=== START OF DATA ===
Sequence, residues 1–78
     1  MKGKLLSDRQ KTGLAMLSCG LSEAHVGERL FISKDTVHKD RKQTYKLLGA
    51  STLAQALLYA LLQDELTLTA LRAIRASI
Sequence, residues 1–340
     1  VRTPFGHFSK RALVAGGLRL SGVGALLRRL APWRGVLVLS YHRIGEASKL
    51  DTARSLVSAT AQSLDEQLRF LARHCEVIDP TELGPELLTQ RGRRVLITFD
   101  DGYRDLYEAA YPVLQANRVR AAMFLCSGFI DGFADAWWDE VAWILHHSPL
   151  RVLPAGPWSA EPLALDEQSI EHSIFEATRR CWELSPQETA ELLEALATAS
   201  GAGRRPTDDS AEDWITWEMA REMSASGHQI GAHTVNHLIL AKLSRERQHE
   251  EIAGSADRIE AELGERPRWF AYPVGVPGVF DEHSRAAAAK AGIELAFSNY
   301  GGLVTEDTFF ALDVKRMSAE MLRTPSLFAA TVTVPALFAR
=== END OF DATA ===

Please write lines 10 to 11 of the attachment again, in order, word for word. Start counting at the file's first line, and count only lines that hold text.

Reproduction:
   251  EIAGSADRIE AELGERPRWF AYPVGVPGVF DEHSRAAAAK AGIELAFSNY
   301  GGLVTEDTFF ALDVKRMSAE MLRTPSLFAA TVTVPALFAR